DZIEGELE at VAXC.CC.MONASH.EDU.AU
Fri Apr 18 00:27:50 UTC 1997
The use of 'do' in
You be good for Grandma now and if you do I'll buy you an icecream
does sound a bit strange to me (a native speaker of Australian English).
It looks from all this discussion as though 'be' should be given a polysemy
analysis, in which it can sometimes be interpreted as 'become' or 'behave'.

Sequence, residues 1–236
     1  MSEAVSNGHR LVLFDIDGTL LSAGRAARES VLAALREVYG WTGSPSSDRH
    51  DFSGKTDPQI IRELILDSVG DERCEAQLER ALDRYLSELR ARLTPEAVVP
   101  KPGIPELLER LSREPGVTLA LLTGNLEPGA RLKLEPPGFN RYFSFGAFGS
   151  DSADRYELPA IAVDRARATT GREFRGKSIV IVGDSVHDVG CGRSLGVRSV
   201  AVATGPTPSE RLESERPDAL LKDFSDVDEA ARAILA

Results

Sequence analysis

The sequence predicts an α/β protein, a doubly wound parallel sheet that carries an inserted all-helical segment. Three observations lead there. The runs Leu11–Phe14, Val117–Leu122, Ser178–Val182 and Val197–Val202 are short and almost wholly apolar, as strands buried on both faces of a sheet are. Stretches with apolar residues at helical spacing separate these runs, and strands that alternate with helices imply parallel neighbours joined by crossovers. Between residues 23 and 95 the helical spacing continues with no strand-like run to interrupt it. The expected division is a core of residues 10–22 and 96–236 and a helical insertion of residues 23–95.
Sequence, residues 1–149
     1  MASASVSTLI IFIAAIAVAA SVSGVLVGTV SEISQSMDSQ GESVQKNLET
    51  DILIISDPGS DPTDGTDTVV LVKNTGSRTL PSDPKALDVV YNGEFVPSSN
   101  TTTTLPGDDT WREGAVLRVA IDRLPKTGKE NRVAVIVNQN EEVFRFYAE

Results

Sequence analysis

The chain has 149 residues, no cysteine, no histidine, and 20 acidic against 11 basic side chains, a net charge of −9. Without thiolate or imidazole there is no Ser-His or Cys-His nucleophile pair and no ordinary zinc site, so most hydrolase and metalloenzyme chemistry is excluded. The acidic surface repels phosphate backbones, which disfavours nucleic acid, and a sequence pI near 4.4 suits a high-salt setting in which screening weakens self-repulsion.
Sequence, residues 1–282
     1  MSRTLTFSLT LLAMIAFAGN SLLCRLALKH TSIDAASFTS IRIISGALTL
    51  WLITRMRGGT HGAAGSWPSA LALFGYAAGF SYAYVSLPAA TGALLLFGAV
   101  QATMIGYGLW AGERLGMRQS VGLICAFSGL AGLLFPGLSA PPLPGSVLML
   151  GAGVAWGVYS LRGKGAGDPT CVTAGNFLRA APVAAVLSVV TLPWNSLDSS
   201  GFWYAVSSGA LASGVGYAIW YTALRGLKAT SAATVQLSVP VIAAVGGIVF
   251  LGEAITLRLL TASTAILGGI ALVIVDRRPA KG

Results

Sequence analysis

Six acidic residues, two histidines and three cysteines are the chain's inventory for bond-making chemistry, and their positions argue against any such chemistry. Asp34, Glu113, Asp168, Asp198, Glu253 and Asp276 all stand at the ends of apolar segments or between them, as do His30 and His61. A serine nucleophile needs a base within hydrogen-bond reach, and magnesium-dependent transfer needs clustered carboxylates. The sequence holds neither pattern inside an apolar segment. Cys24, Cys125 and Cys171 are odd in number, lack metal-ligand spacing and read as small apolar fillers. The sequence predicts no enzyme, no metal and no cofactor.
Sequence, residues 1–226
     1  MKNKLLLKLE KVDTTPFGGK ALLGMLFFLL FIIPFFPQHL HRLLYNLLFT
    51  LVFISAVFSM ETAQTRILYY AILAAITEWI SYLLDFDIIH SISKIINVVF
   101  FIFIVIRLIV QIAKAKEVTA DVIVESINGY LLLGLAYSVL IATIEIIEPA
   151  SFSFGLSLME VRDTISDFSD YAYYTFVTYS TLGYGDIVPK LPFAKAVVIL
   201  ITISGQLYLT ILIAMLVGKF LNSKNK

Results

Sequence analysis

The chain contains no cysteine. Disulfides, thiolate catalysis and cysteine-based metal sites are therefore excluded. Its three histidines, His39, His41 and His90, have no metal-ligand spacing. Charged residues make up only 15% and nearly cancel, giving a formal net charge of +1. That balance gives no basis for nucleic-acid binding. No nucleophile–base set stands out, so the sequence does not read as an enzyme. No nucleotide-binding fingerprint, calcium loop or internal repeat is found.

But this is highly speculative. It would be more interesting to examine
a translation of this sentence in other languages, to see if verbs meaning
'be' are used in this context, especially those unrelated to English. What do
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